By Yousma Gul
International Youth Day observed every year on August 12th by the United Nations (UN) as the day of awareness, was adopted by UN General Assembly (UNGA) via resolution supporting the suggestion made by the World Conference of Ministers Responsible for Youth in Lisbon.
The first Youth Day was officially celebrated in 1999 which served as a platform for social education, engaging young people in politics and monitoring resource allocation to deal with world issues, however, the UNGA started working actively to influence global youth as early as 1965. The international community agreed with the Declaration on Promoting the Ideals of peace, mutual respect, and understanding among People and among Youth. By identifying emerging leaders and providing them with resources to address global concerns, international stakeholders started dedicating time and resources to empower the youth. The day also recognizes the difficulties youth is facing and focuses on initiatives that aim to fix these challenges.
Pakistan is empowered with the fifth-largest youth in the world. According to a United Nations Population Fund report, Pakistan’s 200 million-strong population is made up of 63% youth, primarily under the age of 30—roughly two-thirds of the entire population. Young Pakistanis can significantly contribute to the growth and development of their country and a higher percentage comprises of talented individuals. It is a nation where creative flair surpasses expectations, where academic records are set and then broken, and where Nobel prizes are won, all at a very young age. The youth Naila Kiani (first Pakistani woman to climb seven peaks above 8,000 meters), Amir Hamza Panjari (awarded 7 international medals at the World Scholar’s Cup competition 2023), Muneeba Ali (first Pakistani and sixth woman in the World to score a WT20l century), Shanzaib Rind (first Pakistani to win ‘Karate Combat Pro Fight in, USA on 2nd April 2023), Hamza Khan (Current Squash National Gold Medalist), Doctor Hafiz Muhammad Waleed (Worldwide record holder of securing 29 Gold Medals in MBBS), lqra Bisma (awarded Diana Award role of Honour 2022) and many more have been instrumental in the past for projecting Pakistan’s soft image at international level. A greater proportion of young people is considered to be a major economic driver for growth and progress.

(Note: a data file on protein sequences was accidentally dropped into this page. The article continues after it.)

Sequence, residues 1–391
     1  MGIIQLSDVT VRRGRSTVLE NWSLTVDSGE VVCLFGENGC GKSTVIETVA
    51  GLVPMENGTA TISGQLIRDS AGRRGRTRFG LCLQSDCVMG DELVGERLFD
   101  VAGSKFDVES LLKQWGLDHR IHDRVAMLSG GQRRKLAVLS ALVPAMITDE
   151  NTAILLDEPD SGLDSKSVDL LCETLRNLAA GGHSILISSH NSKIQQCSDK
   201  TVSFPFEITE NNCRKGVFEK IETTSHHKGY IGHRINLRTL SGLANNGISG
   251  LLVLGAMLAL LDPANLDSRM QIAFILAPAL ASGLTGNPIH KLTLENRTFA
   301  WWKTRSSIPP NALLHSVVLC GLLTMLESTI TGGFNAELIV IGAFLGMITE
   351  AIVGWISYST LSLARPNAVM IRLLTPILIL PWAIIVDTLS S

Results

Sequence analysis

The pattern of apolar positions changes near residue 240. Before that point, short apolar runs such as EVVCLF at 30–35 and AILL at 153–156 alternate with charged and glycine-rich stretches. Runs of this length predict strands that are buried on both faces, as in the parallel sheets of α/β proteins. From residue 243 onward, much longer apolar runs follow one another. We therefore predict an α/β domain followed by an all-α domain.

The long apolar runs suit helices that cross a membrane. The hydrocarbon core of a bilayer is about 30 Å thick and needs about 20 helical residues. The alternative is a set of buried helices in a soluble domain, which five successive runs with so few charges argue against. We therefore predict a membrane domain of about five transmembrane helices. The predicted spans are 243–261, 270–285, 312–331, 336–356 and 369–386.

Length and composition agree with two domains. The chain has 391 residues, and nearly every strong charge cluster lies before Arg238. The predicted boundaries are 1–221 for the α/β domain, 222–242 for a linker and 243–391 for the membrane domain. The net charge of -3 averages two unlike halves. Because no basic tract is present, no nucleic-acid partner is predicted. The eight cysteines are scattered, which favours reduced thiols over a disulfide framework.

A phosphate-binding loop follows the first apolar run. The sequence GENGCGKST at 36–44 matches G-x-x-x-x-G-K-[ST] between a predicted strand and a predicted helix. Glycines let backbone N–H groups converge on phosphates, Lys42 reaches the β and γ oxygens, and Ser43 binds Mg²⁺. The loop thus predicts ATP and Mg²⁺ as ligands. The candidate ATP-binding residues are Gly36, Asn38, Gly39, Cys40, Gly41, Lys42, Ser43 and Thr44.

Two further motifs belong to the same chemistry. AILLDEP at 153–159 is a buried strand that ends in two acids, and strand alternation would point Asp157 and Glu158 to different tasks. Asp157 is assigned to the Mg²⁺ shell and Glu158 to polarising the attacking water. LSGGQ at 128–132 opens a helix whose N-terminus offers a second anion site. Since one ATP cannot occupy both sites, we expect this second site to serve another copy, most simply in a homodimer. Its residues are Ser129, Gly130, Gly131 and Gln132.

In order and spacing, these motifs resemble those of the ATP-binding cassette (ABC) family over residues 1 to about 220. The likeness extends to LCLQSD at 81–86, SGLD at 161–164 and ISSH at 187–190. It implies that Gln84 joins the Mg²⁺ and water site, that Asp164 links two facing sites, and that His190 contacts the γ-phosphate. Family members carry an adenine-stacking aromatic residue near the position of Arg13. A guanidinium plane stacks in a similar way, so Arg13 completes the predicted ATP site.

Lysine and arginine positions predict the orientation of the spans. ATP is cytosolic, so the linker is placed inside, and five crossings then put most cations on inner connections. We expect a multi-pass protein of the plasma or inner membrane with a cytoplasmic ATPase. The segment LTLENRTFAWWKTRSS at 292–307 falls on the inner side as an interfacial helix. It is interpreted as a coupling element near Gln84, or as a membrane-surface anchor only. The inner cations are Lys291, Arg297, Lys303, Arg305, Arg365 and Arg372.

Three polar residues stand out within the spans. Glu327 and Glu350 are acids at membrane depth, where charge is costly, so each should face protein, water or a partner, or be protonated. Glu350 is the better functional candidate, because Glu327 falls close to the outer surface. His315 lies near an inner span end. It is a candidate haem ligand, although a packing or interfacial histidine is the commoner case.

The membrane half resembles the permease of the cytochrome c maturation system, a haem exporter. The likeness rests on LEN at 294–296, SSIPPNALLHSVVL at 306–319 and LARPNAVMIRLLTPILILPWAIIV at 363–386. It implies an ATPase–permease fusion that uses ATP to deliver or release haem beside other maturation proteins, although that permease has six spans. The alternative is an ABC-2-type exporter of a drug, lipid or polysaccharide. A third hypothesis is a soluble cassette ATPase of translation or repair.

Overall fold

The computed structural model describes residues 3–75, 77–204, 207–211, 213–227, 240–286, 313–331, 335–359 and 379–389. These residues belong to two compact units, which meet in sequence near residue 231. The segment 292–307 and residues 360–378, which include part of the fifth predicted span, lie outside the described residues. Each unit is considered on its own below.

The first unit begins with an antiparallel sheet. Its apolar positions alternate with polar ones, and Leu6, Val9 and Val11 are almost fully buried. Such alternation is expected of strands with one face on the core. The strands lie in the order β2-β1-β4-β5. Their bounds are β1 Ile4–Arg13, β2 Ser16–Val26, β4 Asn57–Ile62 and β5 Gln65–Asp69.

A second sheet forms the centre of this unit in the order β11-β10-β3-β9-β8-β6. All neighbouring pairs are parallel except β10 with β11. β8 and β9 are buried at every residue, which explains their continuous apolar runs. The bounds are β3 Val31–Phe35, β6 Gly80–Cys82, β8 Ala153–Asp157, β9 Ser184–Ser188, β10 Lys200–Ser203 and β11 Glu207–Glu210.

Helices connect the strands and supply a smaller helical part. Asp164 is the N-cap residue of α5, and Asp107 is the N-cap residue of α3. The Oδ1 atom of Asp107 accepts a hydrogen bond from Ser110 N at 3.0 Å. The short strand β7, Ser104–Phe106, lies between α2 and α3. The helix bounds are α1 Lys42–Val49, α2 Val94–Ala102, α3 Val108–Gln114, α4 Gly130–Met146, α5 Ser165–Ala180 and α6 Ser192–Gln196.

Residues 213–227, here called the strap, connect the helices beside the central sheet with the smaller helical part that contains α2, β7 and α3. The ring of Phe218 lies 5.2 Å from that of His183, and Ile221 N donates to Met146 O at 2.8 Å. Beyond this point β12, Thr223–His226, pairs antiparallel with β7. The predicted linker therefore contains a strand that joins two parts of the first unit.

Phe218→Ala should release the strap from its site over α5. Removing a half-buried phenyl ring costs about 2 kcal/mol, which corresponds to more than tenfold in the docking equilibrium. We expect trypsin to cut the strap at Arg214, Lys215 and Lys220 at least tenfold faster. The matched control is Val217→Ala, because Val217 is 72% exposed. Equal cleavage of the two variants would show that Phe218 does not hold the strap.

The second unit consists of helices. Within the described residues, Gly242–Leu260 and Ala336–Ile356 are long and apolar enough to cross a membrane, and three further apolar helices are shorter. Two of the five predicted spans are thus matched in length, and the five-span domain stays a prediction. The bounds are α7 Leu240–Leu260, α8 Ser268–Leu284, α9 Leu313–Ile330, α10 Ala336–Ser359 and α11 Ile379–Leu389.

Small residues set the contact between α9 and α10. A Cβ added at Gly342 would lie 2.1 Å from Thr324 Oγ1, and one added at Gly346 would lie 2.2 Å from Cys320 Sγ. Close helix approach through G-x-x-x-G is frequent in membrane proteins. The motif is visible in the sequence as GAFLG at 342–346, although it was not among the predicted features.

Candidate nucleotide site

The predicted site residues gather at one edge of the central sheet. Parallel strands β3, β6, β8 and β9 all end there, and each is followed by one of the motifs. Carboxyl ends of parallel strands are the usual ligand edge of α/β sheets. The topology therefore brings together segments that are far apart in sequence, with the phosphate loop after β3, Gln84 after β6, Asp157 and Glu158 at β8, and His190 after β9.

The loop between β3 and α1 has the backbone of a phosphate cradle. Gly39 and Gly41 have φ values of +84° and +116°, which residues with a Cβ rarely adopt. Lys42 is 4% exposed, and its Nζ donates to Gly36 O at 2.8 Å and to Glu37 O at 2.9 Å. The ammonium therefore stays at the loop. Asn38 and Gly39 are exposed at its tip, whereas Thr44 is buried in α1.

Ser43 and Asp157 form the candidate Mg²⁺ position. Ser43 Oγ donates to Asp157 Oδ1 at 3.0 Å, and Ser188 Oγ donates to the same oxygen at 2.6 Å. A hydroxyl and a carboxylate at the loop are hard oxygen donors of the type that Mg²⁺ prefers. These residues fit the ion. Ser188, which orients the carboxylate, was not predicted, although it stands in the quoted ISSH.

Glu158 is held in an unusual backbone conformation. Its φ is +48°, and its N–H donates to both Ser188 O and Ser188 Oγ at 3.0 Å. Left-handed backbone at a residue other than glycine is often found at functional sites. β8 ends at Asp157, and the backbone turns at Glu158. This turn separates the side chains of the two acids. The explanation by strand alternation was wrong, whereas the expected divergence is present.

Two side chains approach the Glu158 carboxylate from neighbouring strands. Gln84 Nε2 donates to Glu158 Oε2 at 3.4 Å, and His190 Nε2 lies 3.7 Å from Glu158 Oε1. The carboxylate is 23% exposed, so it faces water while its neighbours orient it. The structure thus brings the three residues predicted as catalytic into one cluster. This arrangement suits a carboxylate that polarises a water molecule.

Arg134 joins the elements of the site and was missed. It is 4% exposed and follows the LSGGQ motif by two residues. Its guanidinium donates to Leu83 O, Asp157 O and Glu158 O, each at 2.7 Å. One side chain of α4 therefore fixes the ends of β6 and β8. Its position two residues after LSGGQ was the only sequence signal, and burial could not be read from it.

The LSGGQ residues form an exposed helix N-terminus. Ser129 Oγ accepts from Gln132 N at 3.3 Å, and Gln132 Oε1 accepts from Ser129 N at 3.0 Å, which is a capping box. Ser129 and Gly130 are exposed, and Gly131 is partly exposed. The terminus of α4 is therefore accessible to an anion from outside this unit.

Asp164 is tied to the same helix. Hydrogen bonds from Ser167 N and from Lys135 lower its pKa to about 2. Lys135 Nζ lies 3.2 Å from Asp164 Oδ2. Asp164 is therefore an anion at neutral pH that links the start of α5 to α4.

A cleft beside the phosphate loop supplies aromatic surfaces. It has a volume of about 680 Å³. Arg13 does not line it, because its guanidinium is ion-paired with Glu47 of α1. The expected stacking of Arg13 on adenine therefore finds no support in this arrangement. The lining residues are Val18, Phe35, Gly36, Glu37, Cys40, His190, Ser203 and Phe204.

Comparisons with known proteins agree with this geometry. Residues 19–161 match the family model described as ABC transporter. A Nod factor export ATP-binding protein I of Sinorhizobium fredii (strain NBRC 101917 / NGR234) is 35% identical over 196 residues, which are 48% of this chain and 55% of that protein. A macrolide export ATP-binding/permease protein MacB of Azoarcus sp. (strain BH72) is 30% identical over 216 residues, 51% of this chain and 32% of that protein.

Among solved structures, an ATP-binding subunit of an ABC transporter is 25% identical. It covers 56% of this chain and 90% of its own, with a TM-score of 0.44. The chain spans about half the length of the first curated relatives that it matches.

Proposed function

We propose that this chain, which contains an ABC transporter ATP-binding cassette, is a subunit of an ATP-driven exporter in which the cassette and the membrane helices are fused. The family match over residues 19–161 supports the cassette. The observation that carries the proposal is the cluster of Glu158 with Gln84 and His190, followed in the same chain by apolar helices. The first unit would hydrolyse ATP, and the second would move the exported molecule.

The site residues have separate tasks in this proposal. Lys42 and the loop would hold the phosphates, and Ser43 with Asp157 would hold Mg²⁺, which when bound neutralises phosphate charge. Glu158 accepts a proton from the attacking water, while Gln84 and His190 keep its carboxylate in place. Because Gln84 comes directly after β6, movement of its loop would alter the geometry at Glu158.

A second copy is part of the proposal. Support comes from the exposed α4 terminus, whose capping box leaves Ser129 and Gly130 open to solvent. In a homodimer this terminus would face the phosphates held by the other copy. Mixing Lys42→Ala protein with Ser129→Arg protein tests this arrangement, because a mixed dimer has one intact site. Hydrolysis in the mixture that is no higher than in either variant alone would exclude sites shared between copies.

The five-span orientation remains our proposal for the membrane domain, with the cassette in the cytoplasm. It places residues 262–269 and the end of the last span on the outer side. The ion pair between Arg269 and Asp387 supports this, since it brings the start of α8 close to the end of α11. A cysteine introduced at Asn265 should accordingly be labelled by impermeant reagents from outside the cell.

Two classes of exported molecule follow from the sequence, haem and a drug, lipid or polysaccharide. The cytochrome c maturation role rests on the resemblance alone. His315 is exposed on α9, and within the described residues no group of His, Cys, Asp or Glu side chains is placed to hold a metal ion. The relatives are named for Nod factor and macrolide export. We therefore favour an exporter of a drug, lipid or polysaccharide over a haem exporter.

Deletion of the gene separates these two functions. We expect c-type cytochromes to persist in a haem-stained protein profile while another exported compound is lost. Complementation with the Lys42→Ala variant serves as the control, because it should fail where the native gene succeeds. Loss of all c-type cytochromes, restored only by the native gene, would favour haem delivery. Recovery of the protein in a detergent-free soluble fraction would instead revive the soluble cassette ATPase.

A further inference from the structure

According to Pakistan’s armed forces, the development and education of young people are of utmost importance. Pakistan army has launched a number of programs focusing on Pakistani youngsters. As a resilient force for Pakistan, Pakistani youngsters are quite capable and responsible for overcoming any challenges and the war of ideas. In order to mobilize their energies for societal advancement, army has regularly engaged them at various levels. The Army Public School and College System (APSCS) is a major contributor to national integration because it has an extensive footprint and provides uniform, high-quality education at affordable prices to students from a variety of socioeconomic backgrounds. With 4000 students enrolled, 80% of whom come from non-military backgrounds, the Pakistan Army has created 25 special education institutions around Pakistan as part of a charitable drive for youngsters with disabilities. In addition, Inter-Services Public Relations (ISPR) offers a structured forum for Pakistani youth to interact with subject matter specialists as part of its yearly internship program, which lasts for six weeks.
Similarly, on the governmental level, there are a number of youth initiatives that give them the opportunity to utilize their potential and earn money by utilizing their talent. Among such programs, the Special Investment Facilitation Council (SIFC) is one of those initiatives that will serve as a ‘Single Window’ for multi-domain cooperation which is expected to create jobs and livelihoods for the youth.
While Pakistan always stands with its youth by providing them different opportunities, India on the other hand, has a vicious history of suppressing the youth of IIOJK which makes up 2.5 million of their population. The targeted killings of innocent Kashmiri youth by Indian forces have been constantly reported in IIOJK which have created a dreadful atmosphere across the valley. For years, international human rights organizations have stated that Indian troops intimidate, control and suppress the IIOJK youth with physical torture and unjustified arrests. UN Human Rights Council (UNHRC) stated, “There have long been persistent claims of Human Right Violation’s (HRVs) by Indian security forces IIOJK particularly against Kashmiri Youth.” As a State party to the International Covenant on Civil and Political Rights, which prohibits HRVs under any circumstances (Article 7), India is obliged to ensure that no person is “subjected to cruel inhumane or degrading treatment, punishment or targeted killings”.
A society’s basic survival depends on the youth and their engagement, not just for technological advancement, economic growth, and political dominance and building a sustainable nation-state system in the long run. While Pakistan continues to take its youth on the path of progression, It also acknowledges the urgency with which the international rights groups and organizations must uphold the rights of Kashmiri youth to live a better future.